For example, if you are not very good at verbal de-escalation and talking when under pressure, you should try to find the positive in this. Staying silent or saying very little in a violent confrontation can help to unnerve your aggressor. They will think you are super confident and sure of yourself because you obviously don’t feel the need to say anything in response.
Another example. Instead of seeing not being able to take pre-emptive action as a weakness, see it as a positive, because instead of just hitting the guy, you are more likely to try harder to defuse the situation by other means and thus maybe avoid violence altogether.
Shifting your perspective in this way can really help you bolster your self-belief instead of having it drained by your perceived weaknesses.
Tip#4: Anchor A Power State
I spoke about the power of anchoring in my article on adrenal management.
Basically, anchoring is when you make available certain states of mind just when you need them.
In the context we are talking about here, you will want to create a state that enables confidence, ability, courage and competence, a state in which you can handle just about any kind of physical confrontation.
Follow the steps in this article to create your anchor.
Using an anchor like this in a situation will really help you to bolster your self-belief.
Those were just a few tips that you can use to boost your self-belief as it relates to prevailing in a physical confrontation.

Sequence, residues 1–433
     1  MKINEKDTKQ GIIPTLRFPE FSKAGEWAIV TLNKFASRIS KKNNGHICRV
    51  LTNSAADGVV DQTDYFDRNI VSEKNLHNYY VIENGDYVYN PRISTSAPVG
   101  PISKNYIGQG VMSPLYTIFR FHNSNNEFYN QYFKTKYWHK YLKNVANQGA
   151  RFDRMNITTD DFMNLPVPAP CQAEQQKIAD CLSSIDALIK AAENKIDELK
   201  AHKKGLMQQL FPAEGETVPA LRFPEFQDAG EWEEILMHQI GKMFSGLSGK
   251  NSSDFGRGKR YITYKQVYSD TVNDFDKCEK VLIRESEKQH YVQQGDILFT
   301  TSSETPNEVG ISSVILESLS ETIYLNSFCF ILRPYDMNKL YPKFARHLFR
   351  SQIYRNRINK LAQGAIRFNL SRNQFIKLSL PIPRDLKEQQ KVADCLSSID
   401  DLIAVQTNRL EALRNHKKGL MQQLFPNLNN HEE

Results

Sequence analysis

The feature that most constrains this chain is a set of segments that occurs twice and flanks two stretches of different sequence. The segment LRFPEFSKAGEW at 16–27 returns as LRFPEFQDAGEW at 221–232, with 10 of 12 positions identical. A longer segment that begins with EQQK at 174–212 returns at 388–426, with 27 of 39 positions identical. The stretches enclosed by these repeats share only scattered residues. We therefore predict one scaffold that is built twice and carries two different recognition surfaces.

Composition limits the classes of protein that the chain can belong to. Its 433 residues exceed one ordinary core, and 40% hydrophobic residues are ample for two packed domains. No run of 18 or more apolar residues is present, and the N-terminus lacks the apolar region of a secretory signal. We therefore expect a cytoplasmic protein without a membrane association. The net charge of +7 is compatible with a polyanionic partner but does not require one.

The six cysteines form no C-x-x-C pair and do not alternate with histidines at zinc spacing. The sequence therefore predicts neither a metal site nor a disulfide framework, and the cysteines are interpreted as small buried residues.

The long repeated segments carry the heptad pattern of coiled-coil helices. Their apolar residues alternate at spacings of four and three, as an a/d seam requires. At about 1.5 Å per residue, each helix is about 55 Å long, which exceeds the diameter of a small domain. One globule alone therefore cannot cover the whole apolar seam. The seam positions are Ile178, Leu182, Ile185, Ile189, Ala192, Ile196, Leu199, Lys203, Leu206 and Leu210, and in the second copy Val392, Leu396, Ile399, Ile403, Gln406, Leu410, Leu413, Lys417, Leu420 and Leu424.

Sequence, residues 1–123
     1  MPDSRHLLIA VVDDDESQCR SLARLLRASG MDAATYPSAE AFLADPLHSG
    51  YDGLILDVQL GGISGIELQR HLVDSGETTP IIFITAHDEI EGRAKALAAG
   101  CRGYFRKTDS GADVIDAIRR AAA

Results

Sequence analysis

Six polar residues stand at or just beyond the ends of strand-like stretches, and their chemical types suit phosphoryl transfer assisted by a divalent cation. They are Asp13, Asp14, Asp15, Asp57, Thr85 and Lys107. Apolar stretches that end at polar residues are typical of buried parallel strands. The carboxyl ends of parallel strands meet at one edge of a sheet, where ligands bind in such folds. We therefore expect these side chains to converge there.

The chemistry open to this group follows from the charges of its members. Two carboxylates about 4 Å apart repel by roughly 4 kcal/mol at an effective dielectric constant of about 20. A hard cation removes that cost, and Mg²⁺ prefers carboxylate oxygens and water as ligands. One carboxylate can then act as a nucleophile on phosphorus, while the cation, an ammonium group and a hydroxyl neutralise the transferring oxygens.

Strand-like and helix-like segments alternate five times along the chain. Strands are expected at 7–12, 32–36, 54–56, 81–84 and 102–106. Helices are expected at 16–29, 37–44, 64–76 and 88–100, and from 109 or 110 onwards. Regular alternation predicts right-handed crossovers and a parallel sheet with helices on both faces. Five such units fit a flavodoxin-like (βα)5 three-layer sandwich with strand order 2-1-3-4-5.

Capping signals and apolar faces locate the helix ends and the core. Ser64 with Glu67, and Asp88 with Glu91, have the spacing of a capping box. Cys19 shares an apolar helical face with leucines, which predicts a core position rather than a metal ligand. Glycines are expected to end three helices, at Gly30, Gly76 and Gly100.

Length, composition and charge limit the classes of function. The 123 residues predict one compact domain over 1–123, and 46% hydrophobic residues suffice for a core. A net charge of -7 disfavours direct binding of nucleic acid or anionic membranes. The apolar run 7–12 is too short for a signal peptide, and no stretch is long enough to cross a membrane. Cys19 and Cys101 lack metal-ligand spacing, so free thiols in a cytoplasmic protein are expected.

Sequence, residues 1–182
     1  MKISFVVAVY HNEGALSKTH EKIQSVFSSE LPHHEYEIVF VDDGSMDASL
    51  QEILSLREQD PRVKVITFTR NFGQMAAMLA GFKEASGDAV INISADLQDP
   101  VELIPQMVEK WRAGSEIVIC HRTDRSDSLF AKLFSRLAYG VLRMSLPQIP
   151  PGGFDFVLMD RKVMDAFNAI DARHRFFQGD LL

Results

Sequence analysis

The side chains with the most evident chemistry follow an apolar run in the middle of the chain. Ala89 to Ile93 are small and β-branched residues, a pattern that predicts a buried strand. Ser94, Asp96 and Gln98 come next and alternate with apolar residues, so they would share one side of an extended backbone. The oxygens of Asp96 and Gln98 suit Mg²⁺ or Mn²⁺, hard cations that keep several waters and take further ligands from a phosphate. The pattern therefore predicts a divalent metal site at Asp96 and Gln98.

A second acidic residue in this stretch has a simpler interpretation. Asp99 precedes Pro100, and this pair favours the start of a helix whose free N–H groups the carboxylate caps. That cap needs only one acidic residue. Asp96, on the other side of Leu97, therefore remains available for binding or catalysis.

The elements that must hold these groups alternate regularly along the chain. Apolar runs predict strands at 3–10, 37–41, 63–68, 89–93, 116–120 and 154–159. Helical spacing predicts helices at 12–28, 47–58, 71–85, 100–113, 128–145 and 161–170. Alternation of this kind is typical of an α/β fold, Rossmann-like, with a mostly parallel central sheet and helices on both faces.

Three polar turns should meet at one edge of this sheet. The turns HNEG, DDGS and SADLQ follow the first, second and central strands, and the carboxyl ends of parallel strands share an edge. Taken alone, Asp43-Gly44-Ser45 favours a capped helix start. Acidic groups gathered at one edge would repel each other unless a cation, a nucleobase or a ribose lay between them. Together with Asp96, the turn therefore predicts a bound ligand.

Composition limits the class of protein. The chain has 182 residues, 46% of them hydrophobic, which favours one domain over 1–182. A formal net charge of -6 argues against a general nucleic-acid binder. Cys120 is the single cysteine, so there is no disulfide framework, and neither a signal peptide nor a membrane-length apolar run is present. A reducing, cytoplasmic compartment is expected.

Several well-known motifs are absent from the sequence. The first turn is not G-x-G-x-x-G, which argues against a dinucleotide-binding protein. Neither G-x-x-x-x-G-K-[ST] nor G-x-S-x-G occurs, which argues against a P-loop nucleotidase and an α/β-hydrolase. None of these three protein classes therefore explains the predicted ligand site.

There is obviously more to it than this. Tied up with self-belief are also things like self-confidence and self-esteem, things that have to be worked on over time.
Look at your past experiences with physical confrontation. Examine what you did right and what you did wrong. Then look at how you can improve future performance.
As with most areas of growth, a good bit of self-examination is required in order to change things into how you want them to be.
As Sun Zsu said:
“To win all battles, know thyself.”
We have a tendency to look outside of ourselves for answers to things. We think more fighting techniques, more knowledge of self defence law and violence dynamics, more reading books, more watching videos, more listening to others (instructors or otherwise) will help us find what we need.
These things definitely help, they give us guidance and direction, but the skills and knowledge gained from these sources will not make you capable in a violent confrontation, not if the catalyst of self-belief is not there to activate them first.
Only you can choose to be the kind of person who is fully functioning and capable in a violent encounter.
Only you have access to the inner-controls necessary to do this.
If things stand in the way of those controls, you have to work on clearing those obstacles.
No one else is going to do it for you.
Be proactive. Take a stand and do whatever you have to do to get results.
That’s what self protection is all about, is it not?